The Nigeria Civil Society Situation Room has condemned the widespread violence in Saturday’s election, saying seven persons were killed in less than 24 hours.
In a statement, Clement Nwakwo, the convener, said this is very worrisome despite the high deployment of security personnel across the country.
“We are concerned that we are still having pockets of violence, for instance, in Ezza North LGA, Ebonyi State suspected thugs were reported to have set fire to election materials at the registration area centre (RAC),” he said.
“In Etinan local government area in Akwa Ibom State, Youth Corp members were attacked by suspected thugs while voting materials were snatched and a police officer shot in Odukpan local government of Cross River state.
“Six journalists were kidnapped in Ahaoda west local government area of Rivers state. We had seven deaths so far today. Two in Egbe Yagba in Kogi and the others in Rivers States including Emilia Gilbert a former Chairperson of Andoni local government area.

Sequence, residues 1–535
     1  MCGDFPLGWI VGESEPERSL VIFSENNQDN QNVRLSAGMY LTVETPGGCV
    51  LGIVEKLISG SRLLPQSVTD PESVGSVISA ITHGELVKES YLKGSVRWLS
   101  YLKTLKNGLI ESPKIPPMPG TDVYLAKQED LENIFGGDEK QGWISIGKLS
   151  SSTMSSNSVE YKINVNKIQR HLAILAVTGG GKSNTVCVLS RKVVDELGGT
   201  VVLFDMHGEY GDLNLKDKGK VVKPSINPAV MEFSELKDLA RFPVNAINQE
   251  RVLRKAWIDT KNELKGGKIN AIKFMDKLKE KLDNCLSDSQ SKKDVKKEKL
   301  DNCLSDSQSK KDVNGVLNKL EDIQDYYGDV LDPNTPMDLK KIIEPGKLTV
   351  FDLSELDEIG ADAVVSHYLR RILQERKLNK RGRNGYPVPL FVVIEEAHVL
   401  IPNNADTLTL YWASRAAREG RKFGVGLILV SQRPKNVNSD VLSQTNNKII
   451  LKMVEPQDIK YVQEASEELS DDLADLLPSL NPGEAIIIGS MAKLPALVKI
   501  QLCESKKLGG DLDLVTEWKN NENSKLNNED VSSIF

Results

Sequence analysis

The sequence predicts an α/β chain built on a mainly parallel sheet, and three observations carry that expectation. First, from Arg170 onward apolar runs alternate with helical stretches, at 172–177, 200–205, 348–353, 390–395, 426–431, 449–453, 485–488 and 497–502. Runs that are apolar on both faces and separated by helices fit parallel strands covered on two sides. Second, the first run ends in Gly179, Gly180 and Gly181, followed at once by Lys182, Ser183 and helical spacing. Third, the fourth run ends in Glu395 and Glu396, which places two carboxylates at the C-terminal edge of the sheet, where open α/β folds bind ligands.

“Situation Room notes that at the time of this statement, voter turn-out remains low. The low turn-out of voters is attributed to apathy arising from the effect of the disappointment of citizens over poor conduct of the February 23 presidential and national assembly elections and the excessive and heavy deployment of military and security personnel.”
On vote-buying, he said: “There are reported widespread incidences of vote buying across the country by our observers and the Situation Room is concerned this could undermine the credibility of the outcome of the election. Sokoto, Zamfara, Ekiti, Kebbi, Delta, Akwa Ibom, Lagos, Ondo and Borno States among others have reported cases of vote buying.”
Nwankwo said compared to the February 23 presidential and national assembly elections, INEC handled improved logistics better.
“In most parts of the country, voting started on time. The average starting time of voting at most polling units across the country was 8:30am. However, there were few cases of late arrival of materials and polling officials in some States.”